White House reverses course on spy program - KLTV.com - Tyler, Longview, Jacksonville |ETX News

01/18/07 - Washington, D.C.

White House reverses course on spy program

Attorney General Alberto Gonzales Attorney General Alberto Gonzales

A year after disclosure of a domestic spying program that President Bush maintained was within his authority to operate, the administration shifted its position and said it would seek the approval of an independent panel of federal judges.

The program allowed the National Security Agency - without a court-issued warrant to monitor phone calls and e-mails between the United States and other countries when a link to terrorism was suspected. Bush secretly authorized the program shortly after the Sept. 11, 2001, terror attacks.

Attorney General Alberto Gonzales told senators in a letter Wednesday that "any electronic surveillance that was occurring as part of the Terrorist Surveillance Program will now be conducted subject to the approval of the Foreign Intelligence Surveillance Court."

Gonzales announced the change on the eve of his appearance before the Senate Judiciary Committee, his first since the committee came under control of Democrats after the November elections. Congressional intelligence committees had already been briefed on the shift.

Gonzales said Bush would not reauthorize the program once it expires. The court already has approved at least one warrant to conduct surveillance involving a person suspected of having ties to al-Qaida or an associated terror group, Justice officials said.

White House press secretary Tony Snow said the administration is satisfied with new rules adopted by the FISA court to address administration officials' concerns about national security. Snow could not explain why those concerns were not addressed before the program began.

After The New York Times disclosed the program's existence, many lawmakers and civil libertarians questioned whether it was constitutional. The administration vigorously defended the program as essential to national security.

Although the secret court was established precisely to review requests for domestic surveillance warrants, the White House insisted that such oversight was not required by law and, in fact, would slow efforts to stop terrorists. Bush maintained the warrantless program's existence was "fully consistent with my constitutional responsibilities and authorities."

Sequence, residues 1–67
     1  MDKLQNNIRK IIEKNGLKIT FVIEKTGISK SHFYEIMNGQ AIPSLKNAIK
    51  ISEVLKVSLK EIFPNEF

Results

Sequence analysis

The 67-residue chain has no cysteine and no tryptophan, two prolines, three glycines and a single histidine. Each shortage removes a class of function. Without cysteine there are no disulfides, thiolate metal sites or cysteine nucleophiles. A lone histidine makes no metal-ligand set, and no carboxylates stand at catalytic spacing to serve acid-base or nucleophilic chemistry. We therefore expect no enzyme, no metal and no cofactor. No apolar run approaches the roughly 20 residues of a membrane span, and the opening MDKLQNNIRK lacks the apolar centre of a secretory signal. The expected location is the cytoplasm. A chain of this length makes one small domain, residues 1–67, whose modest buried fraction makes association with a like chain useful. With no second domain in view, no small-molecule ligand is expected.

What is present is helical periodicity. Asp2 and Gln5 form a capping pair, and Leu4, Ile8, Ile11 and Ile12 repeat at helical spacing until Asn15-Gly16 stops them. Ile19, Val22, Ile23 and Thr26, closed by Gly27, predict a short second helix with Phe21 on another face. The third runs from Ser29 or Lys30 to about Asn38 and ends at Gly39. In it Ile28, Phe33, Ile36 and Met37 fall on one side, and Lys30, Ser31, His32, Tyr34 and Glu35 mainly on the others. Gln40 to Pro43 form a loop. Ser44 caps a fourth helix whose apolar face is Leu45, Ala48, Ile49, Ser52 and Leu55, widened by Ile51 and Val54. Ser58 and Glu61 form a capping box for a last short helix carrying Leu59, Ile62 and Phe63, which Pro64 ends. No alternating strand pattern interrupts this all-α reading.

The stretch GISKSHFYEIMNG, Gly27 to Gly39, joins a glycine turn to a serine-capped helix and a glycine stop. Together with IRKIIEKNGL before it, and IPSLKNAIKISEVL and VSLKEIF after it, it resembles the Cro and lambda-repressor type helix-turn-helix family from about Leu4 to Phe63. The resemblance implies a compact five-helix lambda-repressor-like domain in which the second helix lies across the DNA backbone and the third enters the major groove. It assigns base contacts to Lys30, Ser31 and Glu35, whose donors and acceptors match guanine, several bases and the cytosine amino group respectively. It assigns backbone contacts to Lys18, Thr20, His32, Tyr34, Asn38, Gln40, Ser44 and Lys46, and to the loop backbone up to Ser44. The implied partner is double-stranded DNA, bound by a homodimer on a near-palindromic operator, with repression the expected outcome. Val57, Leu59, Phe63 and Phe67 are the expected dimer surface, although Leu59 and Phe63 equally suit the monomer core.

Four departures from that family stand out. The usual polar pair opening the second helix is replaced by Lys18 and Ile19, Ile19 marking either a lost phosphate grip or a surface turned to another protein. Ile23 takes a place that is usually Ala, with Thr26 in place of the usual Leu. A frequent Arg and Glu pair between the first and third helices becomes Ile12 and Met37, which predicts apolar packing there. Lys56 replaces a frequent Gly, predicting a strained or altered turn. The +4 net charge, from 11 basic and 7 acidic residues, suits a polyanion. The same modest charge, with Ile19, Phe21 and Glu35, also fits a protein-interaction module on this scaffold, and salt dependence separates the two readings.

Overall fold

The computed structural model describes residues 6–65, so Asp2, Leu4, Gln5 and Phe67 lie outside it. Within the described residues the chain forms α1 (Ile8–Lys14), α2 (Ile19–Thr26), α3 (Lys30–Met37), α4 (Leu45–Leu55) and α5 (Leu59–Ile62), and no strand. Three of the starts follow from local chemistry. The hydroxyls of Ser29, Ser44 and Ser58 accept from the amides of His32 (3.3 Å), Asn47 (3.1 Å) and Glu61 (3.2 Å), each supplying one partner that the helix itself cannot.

Last August, a federal judge in Detroit declared the spying program unconstitutional, saying it violated the rights to free speech and privacy and the separation of powers. In October, a three-judge panel of the Cincinnati-based appeals court ruled that the administration could keep the program in place while it appeals the Detroit decision.

That appeal, which was scheduled to be heard on Jan. 31, will now likely be rendered moot, said one Justice Department official who spoke on condition of anonymity because the government has not yet officially decided whether to drop its case.

Attorneys for the department notified the appeals court in a separate letter Wednesday that "the government plans to file promptly papers ... addressing the implications of this development on the litigation."

The American Civil Liberties Union, which sued the government over the program, called the Justice Department's announcement "a quintessential flip-flop."

"The NSA was operating illegally and this eleventh-hour ploy is clearly an effort to avoid judicial and congressional scrutiny," said ACLU executive director Anthony D. Romero. "Despite this adroit back flip, the constitutional problems with the president's actions remain unaddressed."

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